Sarah Storm: [00:19:52] I'm excited. I'm really excited. I'm very curious to see how their hardware will be different, if it will be different, how it will be different. I think as we were saying earlier on, any time that more competitors enter a space to innovate and execute their passions and their ideas, I think it's great for the market. I think it's fantastic for consumers. Maybe Spotify will hit on something innovative and new that neither of the tech giants has come up with yet, or maybe they'll approach the market a different way. The piece that stuck out to me oddly was it wasn't mentioned about their content, the possibility that it could run other content at lower costs and improve their margins. And it started me wondering and completely speculating and fantasizing about like what if they chased like a B2B relationship. Where else do people's ear - like if Apple and Google and Amazon owned people's ears in place X, like is their place Y where maybe that's not the case and Spotify is going to chase that market. I thought of elevators. I don't know. I was just imagining where they could make a play. Who knows what they'll come up with? I'm excited to see and I think it will probably really benefit consumers. It will certainly be exciting. It will just be exciting for the market I think.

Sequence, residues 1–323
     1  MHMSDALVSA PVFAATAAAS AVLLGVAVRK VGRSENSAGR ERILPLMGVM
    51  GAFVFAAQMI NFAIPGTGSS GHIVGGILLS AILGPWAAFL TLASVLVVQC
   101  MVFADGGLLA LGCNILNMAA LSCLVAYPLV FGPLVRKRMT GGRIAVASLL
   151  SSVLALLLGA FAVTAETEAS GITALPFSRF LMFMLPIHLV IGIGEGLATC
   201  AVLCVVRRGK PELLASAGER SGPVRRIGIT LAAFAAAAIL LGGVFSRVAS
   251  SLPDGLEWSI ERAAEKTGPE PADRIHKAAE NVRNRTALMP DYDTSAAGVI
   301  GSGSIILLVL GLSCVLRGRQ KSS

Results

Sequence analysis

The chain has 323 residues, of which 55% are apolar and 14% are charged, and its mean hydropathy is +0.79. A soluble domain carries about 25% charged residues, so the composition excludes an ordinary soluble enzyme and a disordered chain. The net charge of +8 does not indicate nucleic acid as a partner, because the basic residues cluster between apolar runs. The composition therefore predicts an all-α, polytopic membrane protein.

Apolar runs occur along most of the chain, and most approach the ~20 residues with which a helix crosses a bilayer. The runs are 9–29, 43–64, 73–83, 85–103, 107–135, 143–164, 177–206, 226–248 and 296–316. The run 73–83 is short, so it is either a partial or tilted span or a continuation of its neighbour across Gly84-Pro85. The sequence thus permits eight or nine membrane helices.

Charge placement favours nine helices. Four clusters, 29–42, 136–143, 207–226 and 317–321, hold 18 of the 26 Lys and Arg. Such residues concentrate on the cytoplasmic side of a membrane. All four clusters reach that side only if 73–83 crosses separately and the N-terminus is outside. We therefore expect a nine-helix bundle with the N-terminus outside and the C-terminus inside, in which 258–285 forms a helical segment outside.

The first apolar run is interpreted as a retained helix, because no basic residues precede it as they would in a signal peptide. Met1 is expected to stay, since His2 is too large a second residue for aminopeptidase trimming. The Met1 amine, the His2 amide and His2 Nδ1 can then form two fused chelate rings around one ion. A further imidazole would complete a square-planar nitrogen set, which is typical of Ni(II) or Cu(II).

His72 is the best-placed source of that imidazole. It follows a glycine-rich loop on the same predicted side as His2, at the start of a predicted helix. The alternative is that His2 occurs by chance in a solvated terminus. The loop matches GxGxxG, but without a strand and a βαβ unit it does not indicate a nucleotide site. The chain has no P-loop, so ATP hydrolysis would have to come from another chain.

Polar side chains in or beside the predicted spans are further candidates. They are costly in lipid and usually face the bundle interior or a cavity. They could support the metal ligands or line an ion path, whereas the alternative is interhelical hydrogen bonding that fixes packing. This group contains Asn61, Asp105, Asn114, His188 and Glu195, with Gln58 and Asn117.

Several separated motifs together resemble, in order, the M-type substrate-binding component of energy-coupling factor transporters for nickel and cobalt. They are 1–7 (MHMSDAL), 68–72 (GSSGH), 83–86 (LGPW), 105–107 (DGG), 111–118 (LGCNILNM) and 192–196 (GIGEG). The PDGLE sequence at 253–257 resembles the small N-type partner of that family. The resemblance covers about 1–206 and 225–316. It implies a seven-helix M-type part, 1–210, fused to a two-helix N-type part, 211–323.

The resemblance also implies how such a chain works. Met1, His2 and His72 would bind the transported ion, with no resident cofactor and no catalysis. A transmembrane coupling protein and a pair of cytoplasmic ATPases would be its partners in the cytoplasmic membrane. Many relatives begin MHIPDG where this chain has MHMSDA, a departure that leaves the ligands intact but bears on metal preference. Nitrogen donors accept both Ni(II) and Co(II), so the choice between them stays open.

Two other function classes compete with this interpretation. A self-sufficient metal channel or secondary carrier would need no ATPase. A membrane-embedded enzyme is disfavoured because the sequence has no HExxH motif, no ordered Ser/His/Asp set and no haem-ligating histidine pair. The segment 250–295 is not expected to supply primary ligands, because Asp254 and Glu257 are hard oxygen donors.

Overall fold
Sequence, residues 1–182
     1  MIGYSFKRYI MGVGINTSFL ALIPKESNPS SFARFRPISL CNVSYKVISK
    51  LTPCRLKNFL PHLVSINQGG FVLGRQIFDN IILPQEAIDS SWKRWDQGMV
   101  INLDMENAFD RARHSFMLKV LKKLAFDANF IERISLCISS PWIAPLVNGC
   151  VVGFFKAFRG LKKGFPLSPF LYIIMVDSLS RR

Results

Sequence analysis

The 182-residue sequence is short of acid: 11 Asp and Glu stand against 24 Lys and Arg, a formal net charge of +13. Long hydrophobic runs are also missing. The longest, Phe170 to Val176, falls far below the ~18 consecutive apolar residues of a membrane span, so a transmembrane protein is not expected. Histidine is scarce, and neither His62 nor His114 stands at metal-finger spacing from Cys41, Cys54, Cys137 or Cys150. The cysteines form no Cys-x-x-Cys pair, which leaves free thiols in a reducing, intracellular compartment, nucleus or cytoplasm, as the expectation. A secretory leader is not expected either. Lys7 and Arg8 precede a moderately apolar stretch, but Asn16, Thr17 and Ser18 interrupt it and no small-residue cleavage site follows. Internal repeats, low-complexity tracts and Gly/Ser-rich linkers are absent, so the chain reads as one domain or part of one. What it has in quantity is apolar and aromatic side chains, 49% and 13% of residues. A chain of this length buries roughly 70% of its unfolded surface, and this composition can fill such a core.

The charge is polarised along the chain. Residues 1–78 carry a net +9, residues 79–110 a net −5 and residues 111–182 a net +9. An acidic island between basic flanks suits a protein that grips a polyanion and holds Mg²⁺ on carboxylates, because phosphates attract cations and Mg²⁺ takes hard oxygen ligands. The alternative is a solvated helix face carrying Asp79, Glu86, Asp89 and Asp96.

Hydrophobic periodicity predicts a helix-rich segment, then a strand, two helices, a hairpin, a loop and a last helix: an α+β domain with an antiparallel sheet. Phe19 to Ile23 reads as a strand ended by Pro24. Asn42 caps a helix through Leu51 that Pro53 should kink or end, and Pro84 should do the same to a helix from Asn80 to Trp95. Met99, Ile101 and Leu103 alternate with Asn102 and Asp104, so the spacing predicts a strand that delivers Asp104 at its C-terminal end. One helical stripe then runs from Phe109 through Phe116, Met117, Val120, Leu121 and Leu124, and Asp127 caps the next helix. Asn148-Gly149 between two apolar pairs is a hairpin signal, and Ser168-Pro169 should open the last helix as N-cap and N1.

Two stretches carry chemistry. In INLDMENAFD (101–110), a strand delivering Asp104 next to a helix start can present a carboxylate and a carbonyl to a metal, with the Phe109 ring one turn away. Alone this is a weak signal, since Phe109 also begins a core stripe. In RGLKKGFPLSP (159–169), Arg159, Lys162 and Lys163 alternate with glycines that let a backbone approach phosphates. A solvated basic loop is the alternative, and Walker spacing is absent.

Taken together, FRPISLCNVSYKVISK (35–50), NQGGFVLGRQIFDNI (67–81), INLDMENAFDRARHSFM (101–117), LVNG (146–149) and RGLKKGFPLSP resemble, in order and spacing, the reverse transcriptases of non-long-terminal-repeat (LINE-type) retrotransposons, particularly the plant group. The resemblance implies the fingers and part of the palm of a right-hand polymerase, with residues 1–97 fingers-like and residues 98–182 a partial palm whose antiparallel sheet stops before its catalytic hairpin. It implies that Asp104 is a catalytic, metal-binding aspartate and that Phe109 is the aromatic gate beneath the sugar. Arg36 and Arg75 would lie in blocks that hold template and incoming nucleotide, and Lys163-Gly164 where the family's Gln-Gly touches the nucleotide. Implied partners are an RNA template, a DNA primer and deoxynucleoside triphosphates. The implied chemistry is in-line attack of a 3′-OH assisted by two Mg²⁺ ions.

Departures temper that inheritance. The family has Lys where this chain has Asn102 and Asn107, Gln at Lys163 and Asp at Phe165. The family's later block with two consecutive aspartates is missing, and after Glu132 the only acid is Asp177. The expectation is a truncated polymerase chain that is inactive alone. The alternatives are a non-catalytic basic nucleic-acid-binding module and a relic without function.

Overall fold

Bradley Metrock: [00:21:15] I completely agree, and Spotify is a unique creature in my mind. I respect what they're doing so much because you know if you recall when Apple announced Apple music, it was one of the most bombastic announcements and precedents I have ever seen. And that's not necessarily a negative. I mean I'm cool with that. But it was, what it was followed up by was sort of this clumsy interface, which they have not fixed, some dabbling into video content like Carpool Karaoke, which I routinely make fun of because that's exactly what it deserves. And they spend a ton of money on it. I mean a ton of money on Carpool Karaoke. Just to continue to single that out. So they've got some focus problems, in addition to not doing things well that they used to do really well, such as user interface. And here's Spotify over here. Spotify, my mental image is just Spotify continues to just punch them in the face. They continue to take market share. They continue to improve on the core product. I think if you lined up 100 random people who use both, ninety nine are going to tell you that they like the Spotify experience better.